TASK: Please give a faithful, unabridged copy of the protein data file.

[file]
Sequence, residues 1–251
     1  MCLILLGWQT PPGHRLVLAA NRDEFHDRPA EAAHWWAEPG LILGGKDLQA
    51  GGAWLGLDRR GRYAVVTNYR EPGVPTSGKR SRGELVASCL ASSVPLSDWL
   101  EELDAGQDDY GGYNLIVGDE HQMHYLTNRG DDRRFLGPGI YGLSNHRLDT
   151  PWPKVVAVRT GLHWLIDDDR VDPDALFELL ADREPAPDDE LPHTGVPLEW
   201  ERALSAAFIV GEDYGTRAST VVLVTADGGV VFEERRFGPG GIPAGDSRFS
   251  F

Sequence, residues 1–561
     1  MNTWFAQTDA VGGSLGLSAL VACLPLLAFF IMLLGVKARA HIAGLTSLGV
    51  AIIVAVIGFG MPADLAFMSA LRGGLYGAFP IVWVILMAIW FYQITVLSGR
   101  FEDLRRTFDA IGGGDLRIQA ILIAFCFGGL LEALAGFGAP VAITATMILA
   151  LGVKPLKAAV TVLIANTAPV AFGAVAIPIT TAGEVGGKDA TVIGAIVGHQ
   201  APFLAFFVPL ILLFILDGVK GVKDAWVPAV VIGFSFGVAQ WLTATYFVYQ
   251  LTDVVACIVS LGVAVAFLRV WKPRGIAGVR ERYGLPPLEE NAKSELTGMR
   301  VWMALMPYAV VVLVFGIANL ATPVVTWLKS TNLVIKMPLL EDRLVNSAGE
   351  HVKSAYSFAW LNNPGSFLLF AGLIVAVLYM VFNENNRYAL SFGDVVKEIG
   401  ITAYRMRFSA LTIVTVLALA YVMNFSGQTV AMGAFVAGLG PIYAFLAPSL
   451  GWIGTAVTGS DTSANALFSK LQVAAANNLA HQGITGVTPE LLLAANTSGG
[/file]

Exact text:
Sequence, residues 1–251
     1  MCLILLGWQT PPGHRLVLAA NRDEFHDRPA EAAHWWAEPG LILGGKDLQA
    51  GGAWLGLDRR GRYAVVTNYR EPGVPTSGKR SRGELVASCL ASSVPLSDWL
   101  EELDAGQDDY GGYNLIVGDE HQMHYLTNRG DDRRFLGPGI YGLSNHRLDT
   151  PWPKVVAVRT GLHWLIDDDR VDPDALFELL ADREPAPDDE LPHTGVPLEW
   201  ERALSAAFIV GEDYGTRAST VVLVTADGGV VFEERRFGPG GIPAGDSRFS
   251  F

Sequence, residues 1–561
     1  MNTWFAQTDA VGGSLGLSAL VACLPLLAFF IMLLGVKARA HIAGLTSLGV
    51  AIIVAVIGFG MPADLAFMSA LRGGLYGAFP IVWVILMAIW FYQITVLSGR
   101  FEDLRRTFDA IGGGDLRIQA ILIAFCFGGL LEALAGFGAP VAITATMILA
   151  LGVKPLKAAV TVLIANTAPV AFGAVAIPIT TAGEVGGKDA TVIGAIVGHQ
   201  APFLAFFVPL ILLFILDGVK GVKDAWVPAV VIGFSFGVAQ WLTATYFVYQ
   251  LTDVVACIVS LGVAVAFLRV WKPRGIAGVR ERYGLPPLEE NAKSELTGMR
   301  VWMALMPYAV VVLVFGIANL ATPVVTWLKS TNLVIKMPLL EDRLVNSAGE
   351  HVKSAYSFAW LNNPGSFLLF AGLIVAVLYM VFNENNRYAL SFGDVVKEIG
   401  ITAYRMRFSA LTIVTVLALA YVMNFSGQTV AMGAFVAGLG PIYAFLAPSL
   451  GWIGTAVTGS DTSANALFSK LQVAAANNLA HQGITGVTPE LLLAANTSGG